The combination of the 25th anniversary of the Falklands War and the current Iranian hostage crisis – all on the top of the festering sore of the Iraqi insurgency – has prompted The Daily Telegraph to commission a YouGov poll on how the public sees the role of Britain in the world.
The results do not make happy reading. A substantial majority of Britons would clearly like to see this country scale down its world role and begin to function internationally "more like Sweden, Canada or even Belgium". The mood, writes Anthony King for the paper is "markedly post-imperial - reluctant to see Britain maintain even its present overseas commitments and totally opposed to seeing them extended further."
"If capabilities are to be matched to commitments," King continues, "most voters would prefer to see Britain's commitments reduced rather than its capabilities expanded. With the Empire now a distant memory, people evidently believe that it is time for Britain to abandon its great-power pretensions."
What immediately strikes one of this survey, of course, is the limited scope. Not least, in what we are constantly told by the political classes is an interdependent world, the options are wider than simply whether to increase or reduce our commitments.
For instance, the Europhiles would have it that we could extend our global reach by working more closely with the European Union, striving for a common foreign policy and a European defence identity, gradually moving to a single European Army in all but name.
It has to say something of how far these options have moved down the political agenda that they are not even considered in the survey, yet – if we are to believe the propaganda – the one sure way of increasing our influence in the world, for no greater expenditure, is to pool our resources with the other EU member states.
Instead, the options offered are firmly cast within a national framework, one being that, if it was accepted that Britain’s armed forces are overstretched, “what do you think this government or any other government should do?”
Depressingly, some 60 percent want Britain's commitment overseas reduced "so that British forces do not become involved in crises overseas", while a mere 30 percent want spending increased so that the forces can continue to be deployed effectively.
What makes this so depressing is that, even within the limited national framework, the options are still hopelessly limited – and based on what could well be a false premise, that our forces are indeed deployed effectively.
Taking the last proposition first, if the arguments on this blog have any merit, no one could begin to argue that the soldiers, for instance, that the marines and sailors despatched to inspect that freighter on 23 Match were in any way "deployed effectively".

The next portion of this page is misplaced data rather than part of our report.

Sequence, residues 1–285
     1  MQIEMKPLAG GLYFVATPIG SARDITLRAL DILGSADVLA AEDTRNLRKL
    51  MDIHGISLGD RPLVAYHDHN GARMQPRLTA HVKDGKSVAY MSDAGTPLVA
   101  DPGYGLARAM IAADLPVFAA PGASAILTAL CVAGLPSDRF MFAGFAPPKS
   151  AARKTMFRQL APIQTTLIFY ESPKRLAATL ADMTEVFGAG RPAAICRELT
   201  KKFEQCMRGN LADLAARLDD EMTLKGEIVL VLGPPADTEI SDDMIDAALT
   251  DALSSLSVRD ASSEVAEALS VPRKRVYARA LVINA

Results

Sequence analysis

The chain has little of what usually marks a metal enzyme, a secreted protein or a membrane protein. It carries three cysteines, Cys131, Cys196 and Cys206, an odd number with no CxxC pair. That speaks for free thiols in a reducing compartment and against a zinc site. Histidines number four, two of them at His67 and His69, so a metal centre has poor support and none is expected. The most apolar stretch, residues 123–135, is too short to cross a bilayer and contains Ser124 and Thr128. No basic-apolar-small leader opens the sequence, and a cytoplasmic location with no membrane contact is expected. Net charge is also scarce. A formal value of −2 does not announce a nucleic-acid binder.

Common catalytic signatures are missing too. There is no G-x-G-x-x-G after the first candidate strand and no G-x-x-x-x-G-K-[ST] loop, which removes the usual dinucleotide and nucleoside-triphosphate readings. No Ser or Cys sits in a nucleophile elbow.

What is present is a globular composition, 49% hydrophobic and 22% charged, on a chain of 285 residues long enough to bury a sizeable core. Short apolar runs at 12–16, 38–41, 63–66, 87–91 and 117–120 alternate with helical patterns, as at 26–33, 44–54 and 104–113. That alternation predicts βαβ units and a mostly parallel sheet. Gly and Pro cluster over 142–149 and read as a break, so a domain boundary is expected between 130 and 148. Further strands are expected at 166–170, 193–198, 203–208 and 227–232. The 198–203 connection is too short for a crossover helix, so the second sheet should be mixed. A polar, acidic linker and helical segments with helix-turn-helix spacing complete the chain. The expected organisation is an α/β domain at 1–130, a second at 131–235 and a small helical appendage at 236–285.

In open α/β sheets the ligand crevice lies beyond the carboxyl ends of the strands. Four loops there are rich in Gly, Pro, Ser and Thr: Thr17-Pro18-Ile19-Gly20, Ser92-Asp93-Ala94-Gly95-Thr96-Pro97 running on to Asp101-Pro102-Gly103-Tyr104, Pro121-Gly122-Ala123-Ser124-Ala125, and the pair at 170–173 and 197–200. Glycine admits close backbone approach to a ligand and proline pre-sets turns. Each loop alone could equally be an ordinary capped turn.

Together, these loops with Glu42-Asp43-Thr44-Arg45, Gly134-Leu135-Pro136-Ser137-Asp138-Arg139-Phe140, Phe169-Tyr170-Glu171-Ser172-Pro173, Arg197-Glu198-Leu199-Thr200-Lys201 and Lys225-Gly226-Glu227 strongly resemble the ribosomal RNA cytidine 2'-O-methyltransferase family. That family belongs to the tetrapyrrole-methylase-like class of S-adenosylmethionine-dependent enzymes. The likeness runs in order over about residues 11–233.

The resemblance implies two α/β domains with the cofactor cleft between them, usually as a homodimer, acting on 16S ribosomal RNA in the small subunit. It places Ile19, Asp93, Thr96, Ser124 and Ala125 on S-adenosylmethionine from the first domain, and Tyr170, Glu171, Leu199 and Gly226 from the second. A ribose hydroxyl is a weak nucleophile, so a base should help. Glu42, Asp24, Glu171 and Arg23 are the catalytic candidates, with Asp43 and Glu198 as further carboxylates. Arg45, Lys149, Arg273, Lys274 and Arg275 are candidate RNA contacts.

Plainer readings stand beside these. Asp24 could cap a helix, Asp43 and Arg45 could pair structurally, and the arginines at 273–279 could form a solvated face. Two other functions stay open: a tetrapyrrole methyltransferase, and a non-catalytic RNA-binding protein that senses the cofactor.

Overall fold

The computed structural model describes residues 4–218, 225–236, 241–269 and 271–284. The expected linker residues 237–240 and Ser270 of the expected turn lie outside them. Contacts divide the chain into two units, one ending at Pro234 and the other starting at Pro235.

Arguably, this is but one small instance. The disastrous retreat from Camp Naji in al Amarah, abandoning an expensive asset to the militias can again hardly be regarded as the effective deployment of troops, and neither can the policy of soaking up punishment for daily mortar and rocket attacks on British bases, without any effective response.
Equally, through lack of suitable vehicles and helicopters, in a deteriorating security situation in Basra, troops venturing out of their barracks have to do so in large numbers, limited the scope of operations and the reach of British forces.
One example might be that, for lack of fast, light utility helicopters to deploy small packets of troops to key locations in the city, commanders have to detach slow-moving and vulnerable convoys comprising at least two Warriors and four Snatch Land Rovers (or other vehicles such as Bulldogs). Thus, where eight or ten troops might be employed, , to great effect, upwards of 40 might be tasked to do the same job, more slowly and less effectively.
Looking at the other proposition – the argument that the options offered are too limited – respondents are asked to link capacity and expenditure so that any increase in capacity is necessarily linked with more spending.
Time and time again on this blog, however, we have sought to show that these two issues are not linked. Most recently, we argued that significantly cheaper fixed-wing aircraft could do a crucial part of the job of a £14 million Lynx helicopter, at a fraction of the operating cost. Inasmuch as they have much great endurance, they could actually do a better job, as they would still be flying when a Lynx had returned for refuelling.
Add up the millions that could be saved from operational efficiencies and from dealing with the billions wasted on misguided and – frankly – insane procurement decisions and a case could be made for improved capacity at less or equal cost.
Now, standing back from the Telegraph survey, one can only speculate what the response would be if, instead of two options, respondent were given the choice of three: reduced capacity at current or less costs, increased capacity but at increased costs, or increased capacity with the same or less expenditure.
Alas – and it says much for the inadequacies of the media and the politicians – the case for better spending has not been made. Even on our own forum we read comments which demonstrate that their authors necessarily regard more spending as a given, to the extent that the debate is lost before it has even run its course.
However, there is one more element to this debate which should be a central part of it. When the hostage crisis broke, we observed that, while we are spending a King's ransom on our subscription to the EU – devoted in part to increasing our global influence – we might be better advised to spend our money where it really matters.
What would have been the response, one wonders, if the Telegraph survey had given respondents the choice of diverting our EU subscription to increasing our defence capacity and effectiveness.